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The Scissors Coup

North opened 1. He cashes the A and switches to a small club. How should West play to make 4?

A6
AQJT94
A
T642
KJT875
KJ954
87
Q9
K853
QT82
A53
432
762
763
KQJ9
After the club switch, declarer has three losers : a spade, a diamond and a club. To make his contract, he must avoid the impending ruff by North. He must therefore win the A at trick 2 and immediately lead the K to discard his losing club. North wins but is unable to reach South for a diamond ruff.

How to train your Snapdragon

In bridge bidding, a Snapdragon double is a competitive double after the first three players bid three different suits. A Snapdragon double by the fourth player is artificial and forcing. It advertises length in the lone unbid suit (5+ cards), at least 8 points, and tolerance for partner's suit. "Tolerance" ranges from doubleton to tripleton support depending on partnership agreement.
 

The Immaculate Assumption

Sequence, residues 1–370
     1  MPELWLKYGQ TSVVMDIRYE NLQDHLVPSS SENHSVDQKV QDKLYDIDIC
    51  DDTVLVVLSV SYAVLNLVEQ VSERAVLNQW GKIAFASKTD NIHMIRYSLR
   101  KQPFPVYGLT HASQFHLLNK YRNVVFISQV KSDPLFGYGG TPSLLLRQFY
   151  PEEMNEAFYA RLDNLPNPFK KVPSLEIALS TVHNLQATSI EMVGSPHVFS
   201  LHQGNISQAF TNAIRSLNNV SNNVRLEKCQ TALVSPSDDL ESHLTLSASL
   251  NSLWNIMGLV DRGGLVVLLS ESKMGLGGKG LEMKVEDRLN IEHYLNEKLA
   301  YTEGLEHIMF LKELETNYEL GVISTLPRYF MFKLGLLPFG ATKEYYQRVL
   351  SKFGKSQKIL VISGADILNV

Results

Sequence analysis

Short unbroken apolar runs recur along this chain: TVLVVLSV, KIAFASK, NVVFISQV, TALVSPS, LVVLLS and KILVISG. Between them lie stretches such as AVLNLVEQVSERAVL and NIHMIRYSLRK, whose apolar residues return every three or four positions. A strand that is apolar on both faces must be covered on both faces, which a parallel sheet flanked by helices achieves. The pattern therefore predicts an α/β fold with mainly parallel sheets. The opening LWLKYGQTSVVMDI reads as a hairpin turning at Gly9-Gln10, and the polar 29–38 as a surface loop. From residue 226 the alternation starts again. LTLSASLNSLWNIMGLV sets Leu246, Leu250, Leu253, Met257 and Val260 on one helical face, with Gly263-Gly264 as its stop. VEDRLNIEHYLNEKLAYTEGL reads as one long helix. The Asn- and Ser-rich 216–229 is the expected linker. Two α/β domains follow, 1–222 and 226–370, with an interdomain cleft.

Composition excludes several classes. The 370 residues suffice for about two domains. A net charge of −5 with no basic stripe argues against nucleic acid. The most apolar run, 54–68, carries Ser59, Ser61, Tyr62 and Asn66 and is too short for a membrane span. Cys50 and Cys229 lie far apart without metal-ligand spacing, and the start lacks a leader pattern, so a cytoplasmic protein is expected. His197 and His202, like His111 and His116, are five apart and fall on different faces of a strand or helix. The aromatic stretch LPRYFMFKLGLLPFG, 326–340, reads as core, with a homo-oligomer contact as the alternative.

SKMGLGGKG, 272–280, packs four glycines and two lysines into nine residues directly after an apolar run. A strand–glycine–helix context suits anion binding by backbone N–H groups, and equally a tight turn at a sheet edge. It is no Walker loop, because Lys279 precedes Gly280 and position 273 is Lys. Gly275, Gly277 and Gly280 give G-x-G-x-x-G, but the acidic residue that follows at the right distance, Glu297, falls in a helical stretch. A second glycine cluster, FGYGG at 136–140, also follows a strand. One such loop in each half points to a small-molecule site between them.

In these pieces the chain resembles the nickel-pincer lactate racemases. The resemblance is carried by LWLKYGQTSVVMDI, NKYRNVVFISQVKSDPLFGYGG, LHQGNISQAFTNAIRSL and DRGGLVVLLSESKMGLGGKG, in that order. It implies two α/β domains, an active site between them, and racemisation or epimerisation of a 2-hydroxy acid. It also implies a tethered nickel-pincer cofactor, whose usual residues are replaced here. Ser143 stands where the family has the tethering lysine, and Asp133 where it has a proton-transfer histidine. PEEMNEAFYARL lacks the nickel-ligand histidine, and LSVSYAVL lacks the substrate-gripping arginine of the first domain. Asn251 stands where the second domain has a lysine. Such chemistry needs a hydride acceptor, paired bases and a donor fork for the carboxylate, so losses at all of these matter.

On this deal, East did not want to go quietly and in typical duplicate fashion, pushed the opponents to the five-level. West cashed the Ace-King of clubs and without paying much attention to East's carding, made the obvious logical switch to a spade, for a one-trick set. Could or should West defend better?

K8
T96542
AQ
JT7
Q62
7
T52
AK9853
AT953
K
J98743
Q
J74
AQJ83
K6
642
SouthWestNorthEast
1Pass44
PassPass5Pass
PassPass
The answer is YES. East is captain of the defence since he knows whether or not he can ruff a club. East-West were playing Standard discards.

Standing in Another Man's Grave

Auctions are often spirited affairs where both sides overvalue their assets.

North/South Vulnerable, West Dealer.

AQ53
QJ852
AQ62
K
AK3
KJ753
KT82
Q9762
97
T94
973
JT4
T64
AQ862
J5
SouthWestNorthEast
-11Pass
233Pass
4PassPassPass

The first round of bidding was normal. When West decided to bid 3 he had dug a three-foot deep trench that would spell his demise. He knew he had the best hand at the table and refused to be shut out. On the bidding, East could hardly hold very much in terms of high card points.

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